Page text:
NOTE: This article was published in GOOD OLD DAYS magazine in October 1973. Since then it has appeared in THE SALEM HERALD and in ECHOES FROM FORT NEW SALEM.
What changes had come in our ways of living since my boyhood years of the twenties in West Virginia. The generations of our children born since 1930 have missed experiences and modes of living that we, in our day, shared and enjoyed. Perhaps you will be interested in reminiscences from boyhood in Salem, West Virginia from the era historians have labeled “the Roaring Twenties”.
With the coming of October’s crisp, autumn days I’m reminded again of the fun boys had gathering chestnuts. It’s doubtful if there was a boy in Salem, in my time, who didn’t have a favorite grove of chestnut trees where he could harvest a bountiful supply of the delicious nuts.
As a tree, the American chestnut was sturdy and beautiful. Growing to a size comparable to the oaks, its crown was symmetrically rounded with branches carrying a thick foliage of glossy green leaves that turned a lovely yellow after heavy frosts.
Chestnut wood made excellent lumber. It was semi-hard with a wide, flowing grain alternating light and dark. Builders used chestnut wood in houses for interior trim. My wife’s Father built her a beautiful hope chest entirely of chestnut wood. One of the characteristics of chestnut was that it split cleanly and easily. This quality, with its resistance to decay when kept off the ground, made it a favorite material for the rail fences still in use on West Virginia farms past the first quarter of this century. And what farm boy of that period does not remember cutting, splitting and piling well-seasoned chestnut firewood for his Mother’s kitchen range? The axe-strike into chestnut wood on the chopping block made rhythmic percussion music and a well-stacked woodshed of chestnut firewood offered an aesthetic effect most pleasing to the eye. In a wood burning kitchen range chestnut wood burned with a quick, even heat a careful cook could depend on. My Mother knew just how many sticks she needed in the stove to bake an angel food cake to fluffy perfection.
Gathering chestnuts during the fall days was an annual ritual of hill country lads. As they grew on the tree, the coveted nuts were tightly encased–three or four together–in a round, green burr the size of a small apple and covered with needle-sharp spines painful to touch or step on. A riddle describing a chestnut burr went like this:
“Round as an apple; sharp as an awl–
Pick it up and you’ll let it fall.”
After frosts the burrs, still clinging to the branches, burst open like inverted tulip flowers and let the smooth, silky dark brown nuts drop into hiding among the fallen leaves on the ground. It was a challenge to move under a chestnut tree with patient concentration–brushing the leaves back as you looked–intent on picking up enough chestnuts to make one’s pockets bulge.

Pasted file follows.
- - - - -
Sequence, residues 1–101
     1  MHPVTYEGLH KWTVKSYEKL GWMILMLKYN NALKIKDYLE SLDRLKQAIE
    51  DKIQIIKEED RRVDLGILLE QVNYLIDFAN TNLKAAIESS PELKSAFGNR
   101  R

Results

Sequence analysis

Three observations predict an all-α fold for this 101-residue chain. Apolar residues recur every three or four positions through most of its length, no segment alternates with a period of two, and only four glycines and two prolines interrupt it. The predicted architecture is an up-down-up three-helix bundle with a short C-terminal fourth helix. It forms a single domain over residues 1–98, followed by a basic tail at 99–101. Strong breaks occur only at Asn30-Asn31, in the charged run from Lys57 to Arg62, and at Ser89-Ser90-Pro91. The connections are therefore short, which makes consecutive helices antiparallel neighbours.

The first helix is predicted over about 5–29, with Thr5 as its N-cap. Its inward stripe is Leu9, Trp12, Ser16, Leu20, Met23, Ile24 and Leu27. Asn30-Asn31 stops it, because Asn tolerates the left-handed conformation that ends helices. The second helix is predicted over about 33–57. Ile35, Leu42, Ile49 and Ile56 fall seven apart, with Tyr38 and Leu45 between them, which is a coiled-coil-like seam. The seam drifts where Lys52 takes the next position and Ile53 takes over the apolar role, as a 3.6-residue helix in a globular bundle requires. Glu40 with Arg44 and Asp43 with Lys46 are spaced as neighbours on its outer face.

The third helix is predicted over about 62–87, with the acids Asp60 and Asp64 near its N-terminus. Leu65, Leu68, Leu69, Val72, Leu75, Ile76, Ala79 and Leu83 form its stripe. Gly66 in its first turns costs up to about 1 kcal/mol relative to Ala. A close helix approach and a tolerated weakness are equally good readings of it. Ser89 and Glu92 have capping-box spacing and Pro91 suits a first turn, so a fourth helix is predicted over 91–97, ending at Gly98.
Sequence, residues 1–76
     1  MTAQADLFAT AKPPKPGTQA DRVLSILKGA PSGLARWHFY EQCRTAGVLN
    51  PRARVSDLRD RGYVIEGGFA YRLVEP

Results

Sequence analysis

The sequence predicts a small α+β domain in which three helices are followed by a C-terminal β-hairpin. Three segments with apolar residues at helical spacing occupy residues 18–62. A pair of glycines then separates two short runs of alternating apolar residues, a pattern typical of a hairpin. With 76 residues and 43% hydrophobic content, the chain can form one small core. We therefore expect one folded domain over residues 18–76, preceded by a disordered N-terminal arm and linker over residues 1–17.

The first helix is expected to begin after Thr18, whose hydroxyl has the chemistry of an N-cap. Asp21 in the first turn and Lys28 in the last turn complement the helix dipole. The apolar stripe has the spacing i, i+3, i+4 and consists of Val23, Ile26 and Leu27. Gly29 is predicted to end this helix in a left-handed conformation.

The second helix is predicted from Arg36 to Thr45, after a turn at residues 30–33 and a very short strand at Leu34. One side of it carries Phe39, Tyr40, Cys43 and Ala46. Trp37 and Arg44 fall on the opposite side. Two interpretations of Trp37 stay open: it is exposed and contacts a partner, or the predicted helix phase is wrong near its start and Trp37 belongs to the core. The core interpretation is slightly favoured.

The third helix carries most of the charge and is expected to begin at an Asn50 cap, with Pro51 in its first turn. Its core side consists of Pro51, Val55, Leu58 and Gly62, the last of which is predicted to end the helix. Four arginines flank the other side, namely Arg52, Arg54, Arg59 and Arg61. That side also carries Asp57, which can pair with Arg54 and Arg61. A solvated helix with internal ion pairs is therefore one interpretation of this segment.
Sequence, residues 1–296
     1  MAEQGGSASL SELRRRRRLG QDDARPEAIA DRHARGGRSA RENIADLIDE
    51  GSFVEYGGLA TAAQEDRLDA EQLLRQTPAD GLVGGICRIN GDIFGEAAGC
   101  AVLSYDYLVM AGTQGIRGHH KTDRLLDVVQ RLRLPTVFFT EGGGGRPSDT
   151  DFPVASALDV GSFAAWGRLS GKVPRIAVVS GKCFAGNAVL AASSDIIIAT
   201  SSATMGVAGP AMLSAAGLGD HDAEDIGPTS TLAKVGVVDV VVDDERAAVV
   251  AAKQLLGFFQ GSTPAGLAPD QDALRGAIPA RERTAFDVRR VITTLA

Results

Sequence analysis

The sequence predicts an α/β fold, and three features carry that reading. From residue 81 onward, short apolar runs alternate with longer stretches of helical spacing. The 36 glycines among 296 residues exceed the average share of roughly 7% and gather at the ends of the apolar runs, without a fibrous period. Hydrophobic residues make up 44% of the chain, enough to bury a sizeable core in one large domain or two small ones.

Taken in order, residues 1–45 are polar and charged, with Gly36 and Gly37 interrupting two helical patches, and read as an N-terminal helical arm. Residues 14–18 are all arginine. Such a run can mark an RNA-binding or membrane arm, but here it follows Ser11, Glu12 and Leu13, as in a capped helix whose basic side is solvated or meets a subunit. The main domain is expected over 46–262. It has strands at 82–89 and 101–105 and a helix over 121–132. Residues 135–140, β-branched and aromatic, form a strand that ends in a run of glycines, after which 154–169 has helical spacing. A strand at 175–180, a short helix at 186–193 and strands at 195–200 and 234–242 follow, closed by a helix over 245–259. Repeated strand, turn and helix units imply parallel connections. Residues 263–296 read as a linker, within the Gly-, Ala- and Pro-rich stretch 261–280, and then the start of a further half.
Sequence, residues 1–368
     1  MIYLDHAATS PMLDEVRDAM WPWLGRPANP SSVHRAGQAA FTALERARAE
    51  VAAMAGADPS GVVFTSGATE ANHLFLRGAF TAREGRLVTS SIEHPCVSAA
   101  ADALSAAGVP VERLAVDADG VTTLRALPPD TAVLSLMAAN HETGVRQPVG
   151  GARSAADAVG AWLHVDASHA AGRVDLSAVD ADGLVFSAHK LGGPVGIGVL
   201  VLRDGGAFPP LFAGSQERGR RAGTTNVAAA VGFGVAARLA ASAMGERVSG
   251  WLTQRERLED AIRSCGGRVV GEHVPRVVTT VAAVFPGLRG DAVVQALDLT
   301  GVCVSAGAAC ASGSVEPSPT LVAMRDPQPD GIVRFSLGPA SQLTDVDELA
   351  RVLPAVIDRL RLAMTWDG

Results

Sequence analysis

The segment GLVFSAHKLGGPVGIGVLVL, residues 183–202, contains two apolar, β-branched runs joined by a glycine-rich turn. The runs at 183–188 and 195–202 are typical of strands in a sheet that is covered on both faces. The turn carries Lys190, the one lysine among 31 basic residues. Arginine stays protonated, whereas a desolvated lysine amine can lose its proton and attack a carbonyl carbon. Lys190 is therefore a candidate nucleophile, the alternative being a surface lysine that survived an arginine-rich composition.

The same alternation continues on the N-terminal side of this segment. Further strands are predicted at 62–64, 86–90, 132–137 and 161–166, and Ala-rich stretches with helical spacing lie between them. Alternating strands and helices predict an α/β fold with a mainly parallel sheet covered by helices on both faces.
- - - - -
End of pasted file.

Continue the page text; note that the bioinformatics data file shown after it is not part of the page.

In actual practice, however, we never waited for the chestnut burrs to open and drop the nuts. Soon after school began in September we would begin harvesting the chestnuts by knocking the formidable burrs off of the tree with thrown stones and sticks and gingerly opening them until they released the nuts.
A pocket full of green chestnuts to eat or share in school during early Autumn was a genuine status symbol though to eat many of them was to invite a sore mouth and dire gastric results. Teachers often emptied our pockets of their hoarded store when the sound of cracking the outer shell of the chestnut between our teeth gave us away.
Knowing the location of chestnut trees that bore a good crop of quality nuts was important. Like hickory nut trees, individual chestnut trees produced nuts of a certain size, from small to as big as a buckeye or horse chestnut. Larger chestnuts were much sought after though perhaps the flavor of the smaller ones was sweeter.
I remember there were a number of productive chestnut trees near the stone quarry on the Ehret farm at the head of Pennsylvania Avenue. The nearness of these tree to town made it a race to get any nuts. There were excellent trees that bore large chestnuts on the Alexander Randolph farm west of Salem. I would not have divulged this secret seventy years ago.
Having a Good supply of sound chestnuts stored for the winter gave one a e sense of well-being. In a good year there might be a bushel or more to eat as special treats when company came or the family was gathered around the fire on winter evenings. Keeping the chestnuts was no problem except that, like apples, they sometimes got wormy. Sprinkling the nuts with salt may have helped.
Most of the time we ate the chestnuts raw. After a few weeks in storage the nuts got softer and the flavor improved. We boiled or roasted the nuts on occasion, too. Imaginative cooks discovered delicious uses for chestnuts in dressings, salads and sundry dishes.
Now the majestic American chestnut tree is all but extinct. A fungus disease has taken it toll until only a few specimens of the once plentiful tree remain in the United States. People of my generation are grateful for our memories of “chestnuting in the West Virginia hills. We continue hopeful the struggle of the scientists to save the species may yet succeed.
NOTE: I saw a healthy, growing chestnut tree at Camp Joy near Berea, West Virginia, in a recent year. In July of 1992 Milton Van Horn showed me a healthy chestnut tree in his woodlot in Milton, Wisconsin.